2011 National Teacher of the Year Award
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2011 National Teacher of the Year Award

(applause) President Obama:
Thank you, everybody. Please have a seat,
please have a seat. What a beautiful day — a
wonderful day to celebrate teachers and teaching. I am honored to welcome this
group of outstanding teachers behind me to the White House. (applause) They are the best of the best. And even though we can never
really thank teachers enough, today is a chance to offer
them a small token of our appreciation for the difference
they make in the lives of our children and the
future of our country. I want to start by acknowledging
somebody who I think will end up being one of the greatest
Secretaries of Education we’ve ever had, could not be more
passionate about making sure that our young people get
a great start in life, and that’s Arne Duncan. Give him a big
round of applause. (applause) I am very proud that we’ve
got some wonderful members of Congress who are here from
the great state of Maryland, who I think are
pretty proud of you. (laughter) As I’ve said before, it’s not
just the winners of the Super Bowl who deserve
to be celebrated. And that’s why I also want to
welcome the teams from the National Science Bowl who
are here with us today. Where are they? There you are, right back there. Good to see you. (applause) Secretary Chu told me that you
all did a great job this year. So congratulations. And finally, I want to
congratulate our state and national Teachers of the Year. Now, I’m not sure
if you can tell, but it’s been a while
since I was in school. (laughter) I haven’t had to ask for a
hall pass in a few years. I think it is
important to note — this is off script, but the
Teacher of the Year from Hawaii — where is she? Wave — teaches at the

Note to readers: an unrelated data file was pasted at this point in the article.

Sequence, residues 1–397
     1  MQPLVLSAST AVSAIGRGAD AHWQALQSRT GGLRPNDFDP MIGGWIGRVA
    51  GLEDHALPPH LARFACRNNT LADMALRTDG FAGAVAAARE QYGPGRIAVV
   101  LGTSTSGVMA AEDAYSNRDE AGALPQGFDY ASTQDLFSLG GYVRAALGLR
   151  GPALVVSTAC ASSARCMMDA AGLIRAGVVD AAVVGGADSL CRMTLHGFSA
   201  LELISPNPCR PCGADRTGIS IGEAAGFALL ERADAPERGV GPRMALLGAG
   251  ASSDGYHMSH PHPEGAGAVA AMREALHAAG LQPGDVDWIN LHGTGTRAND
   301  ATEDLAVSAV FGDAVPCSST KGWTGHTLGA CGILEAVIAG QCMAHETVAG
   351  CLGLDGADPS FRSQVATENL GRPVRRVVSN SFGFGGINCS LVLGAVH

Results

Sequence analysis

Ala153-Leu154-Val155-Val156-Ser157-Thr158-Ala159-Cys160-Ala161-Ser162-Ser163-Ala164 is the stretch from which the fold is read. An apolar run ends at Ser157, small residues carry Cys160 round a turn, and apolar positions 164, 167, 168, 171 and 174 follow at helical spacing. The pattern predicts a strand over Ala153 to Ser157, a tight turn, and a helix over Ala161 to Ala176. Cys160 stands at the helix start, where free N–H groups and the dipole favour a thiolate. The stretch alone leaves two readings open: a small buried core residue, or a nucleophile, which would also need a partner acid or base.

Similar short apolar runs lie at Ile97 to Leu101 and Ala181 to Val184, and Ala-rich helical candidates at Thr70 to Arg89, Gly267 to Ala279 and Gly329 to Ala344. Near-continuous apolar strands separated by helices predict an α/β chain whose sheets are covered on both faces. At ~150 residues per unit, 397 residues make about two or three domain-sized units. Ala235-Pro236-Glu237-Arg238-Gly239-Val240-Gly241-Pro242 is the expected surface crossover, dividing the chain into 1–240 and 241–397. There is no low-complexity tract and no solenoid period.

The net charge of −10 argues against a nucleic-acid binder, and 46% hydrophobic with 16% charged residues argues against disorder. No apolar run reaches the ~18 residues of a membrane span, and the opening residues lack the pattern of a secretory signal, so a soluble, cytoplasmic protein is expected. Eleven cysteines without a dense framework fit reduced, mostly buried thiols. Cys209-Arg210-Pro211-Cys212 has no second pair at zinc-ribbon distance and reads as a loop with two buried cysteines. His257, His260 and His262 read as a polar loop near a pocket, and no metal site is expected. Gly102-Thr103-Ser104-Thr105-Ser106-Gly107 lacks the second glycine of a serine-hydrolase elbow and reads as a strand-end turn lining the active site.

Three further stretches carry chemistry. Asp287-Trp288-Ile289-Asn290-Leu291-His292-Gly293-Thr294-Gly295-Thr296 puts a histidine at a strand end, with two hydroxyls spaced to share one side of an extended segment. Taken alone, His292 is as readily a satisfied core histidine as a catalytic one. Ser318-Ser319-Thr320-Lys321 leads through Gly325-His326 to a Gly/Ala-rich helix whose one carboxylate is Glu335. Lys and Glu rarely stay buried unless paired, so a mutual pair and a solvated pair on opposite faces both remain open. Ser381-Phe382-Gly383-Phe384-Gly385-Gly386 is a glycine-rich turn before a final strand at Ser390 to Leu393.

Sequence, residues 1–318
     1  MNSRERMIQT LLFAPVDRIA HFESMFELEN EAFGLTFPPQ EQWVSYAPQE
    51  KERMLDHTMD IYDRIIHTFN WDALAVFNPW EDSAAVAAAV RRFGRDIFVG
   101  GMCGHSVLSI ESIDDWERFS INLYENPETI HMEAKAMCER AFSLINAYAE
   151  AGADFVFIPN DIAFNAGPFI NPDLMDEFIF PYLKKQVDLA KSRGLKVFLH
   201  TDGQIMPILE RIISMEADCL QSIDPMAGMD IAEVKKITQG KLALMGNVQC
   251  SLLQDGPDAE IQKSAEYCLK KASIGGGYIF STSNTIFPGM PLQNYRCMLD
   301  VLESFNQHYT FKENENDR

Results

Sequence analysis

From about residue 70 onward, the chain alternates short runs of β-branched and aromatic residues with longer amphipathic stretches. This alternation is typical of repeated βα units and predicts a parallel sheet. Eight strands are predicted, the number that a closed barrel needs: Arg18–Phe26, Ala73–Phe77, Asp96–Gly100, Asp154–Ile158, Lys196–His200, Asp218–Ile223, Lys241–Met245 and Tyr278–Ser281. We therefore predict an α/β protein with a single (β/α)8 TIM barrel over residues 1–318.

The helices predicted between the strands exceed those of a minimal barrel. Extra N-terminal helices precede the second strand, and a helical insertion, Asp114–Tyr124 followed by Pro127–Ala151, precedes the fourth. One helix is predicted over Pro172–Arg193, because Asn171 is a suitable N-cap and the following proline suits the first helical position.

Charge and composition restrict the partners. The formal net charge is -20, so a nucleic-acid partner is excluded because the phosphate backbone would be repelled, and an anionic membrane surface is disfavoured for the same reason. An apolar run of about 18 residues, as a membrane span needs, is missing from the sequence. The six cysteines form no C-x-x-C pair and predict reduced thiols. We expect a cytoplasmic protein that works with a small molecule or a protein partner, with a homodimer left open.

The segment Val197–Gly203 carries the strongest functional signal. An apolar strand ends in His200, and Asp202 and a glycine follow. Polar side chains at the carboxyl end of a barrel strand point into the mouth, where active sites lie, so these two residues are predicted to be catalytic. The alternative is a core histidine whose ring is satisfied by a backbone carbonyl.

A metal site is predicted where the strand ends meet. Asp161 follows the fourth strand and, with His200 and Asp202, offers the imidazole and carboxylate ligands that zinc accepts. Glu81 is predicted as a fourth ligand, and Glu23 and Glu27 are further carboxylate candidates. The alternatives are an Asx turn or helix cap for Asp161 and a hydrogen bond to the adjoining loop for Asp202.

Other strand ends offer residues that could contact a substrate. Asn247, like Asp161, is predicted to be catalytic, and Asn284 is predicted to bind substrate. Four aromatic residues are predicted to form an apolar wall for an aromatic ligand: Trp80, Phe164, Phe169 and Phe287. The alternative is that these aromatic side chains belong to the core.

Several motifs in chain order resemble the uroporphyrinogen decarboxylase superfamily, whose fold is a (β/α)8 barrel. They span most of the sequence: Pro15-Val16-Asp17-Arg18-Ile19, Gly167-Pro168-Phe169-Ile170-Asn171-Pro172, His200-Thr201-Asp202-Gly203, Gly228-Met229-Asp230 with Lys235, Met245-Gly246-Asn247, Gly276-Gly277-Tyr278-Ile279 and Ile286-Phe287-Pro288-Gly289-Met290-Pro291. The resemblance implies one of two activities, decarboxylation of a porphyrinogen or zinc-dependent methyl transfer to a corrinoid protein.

first school I ever went to, Noelani School up
in Manoa in Hawaii. (applause) So I thought that
was pretty cool. (laughter) I went there in first grade. (laughter) It’s a wonderful school. But even after all this time,
I still remember the special teachers that touched my life. And we all do. We remember the way
they challenged us, the way they made us
feel, how they pushed us, the encouragement
that they gave us, the values that they taught
us, the way they helped us to understand the world and
analyze it and ask questions. They helped us become the
people that we are today. For me, one of those people
was my fifth-grade teacher, Ms. Mabel Hefty. When I walked into Ms. Hefty’s
classroom for the first time, I was a new kid who had been
living overseas for a few years, had a funny name
nobody could pronounce. But she didn’t let me
withdraw into myself. She helped me believe that I
had something special to say. She made me feel special. She reinforced the sense of
empathy and thoughtfulness that my mother and my grandparents
had tried hard to instill in me — and that’s a lesson
that I still carry with me as President. Ms. Hefty is no longer with us,
but I often think about her and how much of a difference
she made in my life. And everybody has got
a story like that, about that teacher who made the
extra effort to shape our lives in important ways. What people I think don’t
realize is just how much work and how much sacrifice it
takes to make that connection. My sister is a teacher, and so
I’ve had the occasion of just watching her preparing lesson
plans and then going out of her way to call that student who
she thinks has potential but is slipping away, and working with
parents who maybe don’t know how to support their kids. And it’s tiring work, but
how incredibly gratifying it must be. Because in the end, the most
effective teachers are the ones who are constantly striving
to get better and help their students get better. Those teachers who stay
up late grading papers. The teachers who give up their
afternoons and free periods to give that student a little
bit of extra one-on-one help, and spend evenings and weekends
developing lesson plans and activities that don’t